A duty to be lenient? Key considerations when renegotiating financial arrangements in default

07 April 2021

Throughout the Covid-19 pandemic lenders, borrowers and regulators have been paying close attention to lenders’ responsibilities towards defaulting borrowers, particularly in relation to enforcing security.

The Prudential Regulation Authority still advises a patient and cooperative approach towards borrowers in financial difficulty, however enforcement action is not always avoidable, and we have previously set out key points to consider in our recent notes on enforcing security against real estate and first steps to enforcing security.

In some situations, it may be more appropriate for lenders to renegotiate the terms of financial agreements with their borrowers rather than enforce any security. The recent case of Morley (t/a Morley Estates) v Royal Bank of Scotland Plc highlights three key issues to consider in such negotiations:

  1. has the borrower obtained legal advice;
  2. do lenders need to act with reasonable care and skill; and
  3. do lenders need to act in good faith?

1. Has the borrower obtained legal advice?

In the Morley case, the borrower was in default and entered into renegotiated arrangements with the lender. The borrower later argued that they only entered into a renegotiated arrangement because they were intimidated and under duress from the lender, i.e. they had no choice but to agree to the lender’s requests as the alternative was to remain in default and face enforcement action. However, this was rejected by the courts and one of the key observations was that the agreement reached between the borrower and the lender was “a result of robust (and even aggressive) negotiation between commercial parties, each of which had legal advice”.

As such, lenders should ensure that borrowers seek proper and independent legal advice, particularly where the borrower is less experienced. This will help rebut any suggestion that a renegotiated agreement is the result of intimidation or economic duress.

Similarly, borrowers should take care that the legal advice they receive is thorough and not just “rubber-stamping” the proposals, particularly where the borrower intends to take an active role in the negotiation. A court is unlikely to intervene where a borrower later regrets the agreement reached, even more so if there is a significant passage of time before the complaint is raised.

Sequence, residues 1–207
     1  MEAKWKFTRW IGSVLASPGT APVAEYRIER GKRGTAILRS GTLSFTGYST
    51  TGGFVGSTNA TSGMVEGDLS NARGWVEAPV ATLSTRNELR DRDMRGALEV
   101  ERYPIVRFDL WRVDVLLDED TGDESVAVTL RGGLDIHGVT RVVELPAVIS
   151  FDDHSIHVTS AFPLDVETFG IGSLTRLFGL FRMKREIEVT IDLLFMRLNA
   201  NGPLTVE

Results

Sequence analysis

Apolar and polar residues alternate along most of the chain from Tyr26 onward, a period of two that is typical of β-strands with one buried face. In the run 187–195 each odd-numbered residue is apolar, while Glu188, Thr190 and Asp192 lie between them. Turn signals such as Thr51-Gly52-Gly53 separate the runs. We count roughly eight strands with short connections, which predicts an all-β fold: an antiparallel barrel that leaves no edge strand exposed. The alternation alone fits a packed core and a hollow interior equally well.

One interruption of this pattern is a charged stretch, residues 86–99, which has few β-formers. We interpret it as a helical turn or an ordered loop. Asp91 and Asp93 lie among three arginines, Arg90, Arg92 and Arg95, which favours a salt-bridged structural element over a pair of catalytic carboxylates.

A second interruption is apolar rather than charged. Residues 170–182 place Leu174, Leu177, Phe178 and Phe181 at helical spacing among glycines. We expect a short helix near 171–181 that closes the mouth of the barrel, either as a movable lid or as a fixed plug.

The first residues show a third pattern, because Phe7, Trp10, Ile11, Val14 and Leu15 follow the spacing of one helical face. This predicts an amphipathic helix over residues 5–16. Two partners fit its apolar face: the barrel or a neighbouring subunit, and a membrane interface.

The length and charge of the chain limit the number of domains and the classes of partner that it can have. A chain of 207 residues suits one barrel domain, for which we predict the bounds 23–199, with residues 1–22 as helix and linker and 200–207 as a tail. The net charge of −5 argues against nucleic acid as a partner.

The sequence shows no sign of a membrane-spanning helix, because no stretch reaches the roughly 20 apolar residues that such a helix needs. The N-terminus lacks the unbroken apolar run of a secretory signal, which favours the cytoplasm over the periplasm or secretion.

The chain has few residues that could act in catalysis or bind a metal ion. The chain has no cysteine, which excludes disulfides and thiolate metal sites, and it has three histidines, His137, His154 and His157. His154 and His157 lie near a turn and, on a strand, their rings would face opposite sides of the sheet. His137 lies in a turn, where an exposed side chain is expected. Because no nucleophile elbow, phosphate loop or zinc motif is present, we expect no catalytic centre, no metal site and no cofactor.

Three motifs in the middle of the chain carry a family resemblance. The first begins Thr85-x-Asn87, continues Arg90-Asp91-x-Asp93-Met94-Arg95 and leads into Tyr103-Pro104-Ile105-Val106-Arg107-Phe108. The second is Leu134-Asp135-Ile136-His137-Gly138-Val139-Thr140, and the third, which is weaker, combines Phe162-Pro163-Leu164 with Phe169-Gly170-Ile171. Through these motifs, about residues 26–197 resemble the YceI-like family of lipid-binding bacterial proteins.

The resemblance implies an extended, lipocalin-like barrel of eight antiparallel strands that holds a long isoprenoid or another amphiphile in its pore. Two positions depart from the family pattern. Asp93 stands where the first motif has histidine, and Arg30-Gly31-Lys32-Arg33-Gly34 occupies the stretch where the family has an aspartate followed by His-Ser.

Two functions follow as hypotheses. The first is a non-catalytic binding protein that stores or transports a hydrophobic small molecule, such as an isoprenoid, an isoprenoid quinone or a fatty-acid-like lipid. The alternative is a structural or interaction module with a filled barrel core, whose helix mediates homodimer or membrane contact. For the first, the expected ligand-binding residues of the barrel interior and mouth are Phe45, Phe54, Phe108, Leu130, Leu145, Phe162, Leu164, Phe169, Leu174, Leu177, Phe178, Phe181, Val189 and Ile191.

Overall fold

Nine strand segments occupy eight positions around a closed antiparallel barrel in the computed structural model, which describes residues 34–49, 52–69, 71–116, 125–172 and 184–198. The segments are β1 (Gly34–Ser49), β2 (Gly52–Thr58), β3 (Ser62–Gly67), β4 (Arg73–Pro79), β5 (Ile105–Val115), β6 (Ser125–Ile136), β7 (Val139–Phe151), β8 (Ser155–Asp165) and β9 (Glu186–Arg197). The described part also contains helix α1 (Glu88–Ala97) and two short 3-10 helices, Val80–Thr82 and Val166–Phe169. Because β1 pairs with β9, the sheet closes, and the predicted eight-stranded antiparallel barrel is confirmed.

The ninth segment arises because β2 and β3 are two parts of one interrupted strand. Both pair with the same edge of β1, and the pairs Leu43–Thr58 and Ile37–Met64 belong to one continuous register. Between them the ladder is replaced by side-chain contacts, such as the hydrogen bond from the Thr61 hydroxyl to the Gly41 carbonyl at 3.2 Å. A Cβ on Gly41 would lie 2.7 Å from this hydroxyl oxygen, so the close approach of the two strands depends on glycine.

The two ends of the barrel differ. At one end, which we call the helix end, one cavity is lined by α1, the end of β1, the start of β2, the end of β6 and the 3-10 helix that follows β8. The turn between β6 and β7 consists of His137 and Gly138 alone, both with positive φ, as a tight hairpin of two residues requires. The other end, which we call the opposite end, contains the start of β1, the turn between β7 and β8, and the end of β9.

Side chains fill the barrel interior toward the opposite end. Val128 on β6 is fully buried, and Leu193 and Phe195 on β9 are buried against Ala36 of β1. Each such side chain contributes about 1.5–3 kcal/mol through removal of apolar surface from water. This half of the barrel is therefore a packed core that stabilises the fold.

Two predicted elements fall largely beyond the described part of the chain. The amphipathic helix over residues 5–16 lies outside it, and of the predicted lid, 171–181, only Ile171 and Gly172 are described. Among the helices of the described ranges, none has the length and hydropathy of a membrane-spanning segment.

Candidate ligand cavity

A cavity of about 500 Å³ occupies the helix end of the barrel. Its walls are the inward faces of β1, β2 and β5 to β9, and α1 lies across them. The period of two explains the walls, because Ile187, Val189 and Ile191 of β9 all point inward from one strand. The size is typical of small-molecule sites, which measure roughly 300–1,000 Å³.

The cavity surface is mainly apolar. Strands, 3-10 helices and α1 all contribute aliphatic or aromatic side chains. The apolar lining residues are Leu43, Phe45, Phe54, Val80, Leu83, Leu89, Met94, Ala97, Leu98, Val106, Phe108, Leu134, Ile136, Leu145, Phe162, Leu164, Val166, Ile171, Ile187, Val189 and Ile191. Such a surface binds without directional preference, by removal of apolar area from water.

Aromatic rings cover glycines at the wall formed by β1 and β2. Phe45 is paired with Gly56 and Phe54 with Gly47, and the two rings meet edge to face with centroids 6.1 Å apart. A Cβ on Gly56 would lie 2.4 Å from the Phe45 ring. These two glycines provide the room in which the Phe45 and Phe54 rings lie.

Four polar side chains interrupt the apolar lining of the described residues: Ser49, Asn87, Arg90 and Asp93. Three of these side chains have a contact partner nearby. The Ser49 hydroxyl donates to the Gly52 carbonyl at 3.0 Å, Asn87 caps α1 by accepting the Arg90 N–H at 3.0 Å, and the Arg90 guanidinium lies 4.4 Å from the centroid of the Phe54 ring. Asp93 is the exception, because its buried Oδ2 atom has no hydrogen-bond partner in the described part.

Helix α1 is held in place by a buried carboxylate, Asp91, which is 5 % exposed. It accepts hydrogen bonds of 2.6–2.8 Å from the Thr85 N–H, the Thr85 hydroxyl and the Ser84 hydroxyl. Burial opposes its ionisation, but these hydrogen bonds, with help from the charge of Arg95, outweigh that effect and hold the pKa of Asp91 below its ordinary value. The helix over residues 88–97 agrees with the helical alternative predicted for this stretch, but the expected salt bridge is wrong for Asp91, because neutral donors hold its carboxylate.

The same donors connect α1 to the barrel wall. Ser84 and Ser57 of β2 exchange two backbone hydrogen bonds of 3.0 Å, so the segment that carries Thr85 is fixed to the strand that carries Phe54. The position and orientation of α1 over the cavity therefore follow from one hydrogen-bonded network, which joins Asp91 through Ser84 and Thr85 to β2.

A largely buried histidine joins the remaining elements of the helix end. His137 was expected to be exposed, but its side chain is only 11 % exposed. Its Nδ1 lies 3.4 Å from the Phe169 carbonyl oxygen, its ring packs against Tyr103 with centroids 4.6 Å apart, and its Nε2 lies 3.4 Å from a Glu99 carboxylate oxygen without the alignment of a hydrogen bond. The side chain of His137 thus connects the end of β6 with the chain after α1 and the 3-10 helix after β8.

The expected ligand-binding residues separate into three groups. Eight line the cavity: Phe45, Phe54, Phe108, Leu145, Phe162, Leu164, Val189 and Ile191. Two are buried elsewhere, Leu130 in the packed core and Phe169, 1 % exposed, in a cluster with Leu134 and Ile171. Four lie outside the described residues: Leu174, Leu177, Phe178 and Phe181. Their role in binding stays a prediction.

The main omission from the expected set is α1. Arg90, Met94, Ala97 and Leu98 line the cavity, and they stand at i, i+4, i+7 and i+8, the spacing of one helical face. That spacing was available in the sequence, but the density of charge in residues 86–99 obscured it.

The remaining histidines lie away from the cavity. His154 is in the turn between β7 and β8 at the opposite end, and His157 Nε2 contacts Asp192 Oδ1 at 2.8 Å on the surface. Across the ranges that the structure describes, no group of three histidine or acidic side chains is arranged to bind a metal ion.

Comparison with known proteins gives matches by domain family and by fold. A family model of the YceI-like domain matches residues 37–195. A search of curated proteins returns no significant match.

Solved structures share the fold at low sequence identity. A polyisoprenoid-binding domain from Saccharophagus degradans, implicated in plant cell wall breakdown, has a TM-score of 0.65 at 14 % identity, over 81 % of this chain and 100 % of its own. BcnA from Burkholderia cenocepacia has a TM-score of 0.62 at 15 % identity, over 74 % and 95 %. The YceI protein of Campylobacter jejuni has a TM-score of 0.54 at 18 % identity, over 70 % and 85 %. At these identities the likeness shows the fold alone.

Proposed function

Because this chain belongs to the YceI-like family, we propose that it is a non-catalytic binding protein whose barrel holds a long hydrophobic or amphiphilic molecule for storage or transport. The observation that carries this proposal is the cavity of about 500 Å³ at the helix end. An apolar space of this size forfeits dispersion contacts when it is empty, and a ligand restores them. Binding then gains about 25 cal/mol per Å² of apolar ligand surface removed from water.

2. Do lenders need to act with reasonable care and skill?

In the Morley case, the borrower also argued that the lender had breached a duty to exercise reasonable care and skill, which is implied into all agreements with service providers.

Again, the court rejected this argument for several reasons and importantly noted that, in the context of lending arrangements, the only services provided by a lender are to make the loan(s) available for drawing. Once the loan(s) have been drawn down there are no further services to be provided by the lender and no implied requirements to act with reasonable care and skill. Helpfully, the court added that even if such a duty could be implied (which in these circumstances it could not):

  • it was acceptable for the lender to have other motives for the renegotiated arrangements and their sole motive did not have to be the recovery of the debt; and
  • any duty of skill and care would not require the lender to advise the borrower on “how to resist its attempts to get more money out of him”.

Whilst in the specific circumstances of the Morley case the court rejected any implied duties described above, lenders should nevertheless consider carefully their responsibilities to the borrower when proceeding with enforcement actions to ensure that they act appropriately.

3. Do lenders need to act in good faith?

In the Morley case the borrower further argued that there was an implied duty of good faith under the loan agreement for the lender not to act vexatiously or contrary to its legitimate commercial interests to recover the debt. Helpfully for lenders, the court found that the bank’s actions were all “rationally connected to its commercial interests” so there was no breach of duty to act in good faith, even if such a duty did apply. Whilst a duty of good faith was not explicitly ruled out, it seems that having clear commercial justifications for any enforcement or renegotiation actions would be sufficient to satisfy such a duty. Lenders should bear this in mind in their interactions with borrowers and document these clearly.

The decision in Morley should provide some reassurance for lenders. The court upheld the lender’s exercise of its contractual rights and discretions and was hesitant to impose implied duties beyond the duties already owed as a mortgagee. This must be right if the market is encouraging lenders to find solutions to defaulting loans that do not include taking enforcement action. However, lenders should be careful to ensure that they continue to act appropriately and to not take advantage of borrowers in financial difficulty, especially in light of the overarching theme of lenience requested by the regulators during the pandemic. The three points set out in this note are a good starting point for lenders when approaching negotiations with borrowers in default.

Additional reporting for this article was provided by trainee finance lawyer Rhian Edwards.